Leaving our bodies behind

Digital communication is one of the technologies which has changed our world in a fundamental way. Like electricity, the automobile and pharmaceuticals, it makes us ask hard questions about ourselves.

It is a blanket term for an ever-increasing array of communication tools, modes and styles which run interpersonal communication through digital code.

And most of all, it keeps telling us that we can leave our bodies behind.

Digital communication is a form of disembodiment. When we email, tweet or message each other, we need not bring more than our minds to it. Classically speaking, it’s a purely verbal type of communication which does away with the non-verbal aspect of communication, that sea of meaning in which speaking and writing floats freely and dangerously. And in fact, it’s not even verbal.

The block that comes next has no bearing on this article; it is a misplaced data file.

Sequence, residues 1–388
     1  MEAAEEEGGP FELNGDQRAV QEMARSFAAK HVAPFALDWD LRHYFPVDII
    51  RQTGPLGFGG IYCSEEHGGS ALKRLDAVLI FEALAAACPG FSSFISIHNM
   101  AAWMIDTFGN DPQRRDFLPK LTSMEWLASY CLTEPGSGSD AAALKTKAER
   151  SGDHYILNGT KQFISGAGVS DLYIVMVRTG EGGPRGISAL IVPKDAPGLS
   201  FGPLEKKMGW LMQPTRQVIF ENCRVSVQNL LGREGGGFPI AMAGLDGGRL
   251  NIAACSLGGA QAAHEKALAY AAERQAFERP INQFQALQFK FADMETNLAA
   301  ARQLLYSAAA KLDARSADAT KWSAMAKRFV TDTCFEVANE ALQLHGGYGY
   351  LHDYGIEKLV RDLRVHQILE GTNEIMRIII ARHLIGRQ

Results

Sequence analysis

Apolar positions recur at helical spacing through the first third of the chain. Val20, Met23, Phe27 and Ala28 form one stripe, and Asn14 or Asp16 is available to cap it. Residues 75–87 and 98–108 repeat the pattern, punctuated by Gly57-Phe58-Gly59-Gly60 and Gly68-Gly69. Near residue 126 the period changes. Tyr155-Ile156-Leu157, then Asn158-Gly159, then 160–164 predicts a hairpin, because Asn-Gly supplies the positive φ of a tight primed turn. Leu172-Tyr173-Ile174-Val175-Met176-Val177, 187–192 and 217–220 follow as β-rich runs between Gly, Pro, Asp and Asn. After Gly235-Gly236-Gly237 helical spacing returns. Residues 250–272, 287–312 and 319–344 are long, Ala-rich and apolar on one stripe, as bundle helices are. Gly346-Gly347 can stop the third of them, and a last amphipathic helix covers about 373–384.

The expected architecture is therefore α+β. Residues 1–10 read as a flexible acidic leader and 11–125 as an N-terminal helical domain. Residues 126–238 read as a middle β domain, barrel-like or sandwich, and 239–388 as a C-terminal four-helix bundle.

Language is code. Body language is code. Digital communication is code on top of more code. And it’s committed to dissolving all layers of code into one. That’s why we spend less time on the phone, and far more time texting. Not to mention face-to-face time (the other, less metonymic face time).

Digital communication is predicated on the idea that the body is one of the many possible supports for the pure mind whose cognitive abilities we bring to the task. That’s Descartes 2.0. Everything we want to ‘say’ may be written, which is not actually written but typed and binarised. We don’t need our bodies for that. We still need our fingers, but that’s at least until we find a way to leave those behind as well. Emojis and other types of emoticons are the short-term solution to the embodiment problem posed by human communication – the challenge of dis-embedding the speaking mind from the acting body.

 

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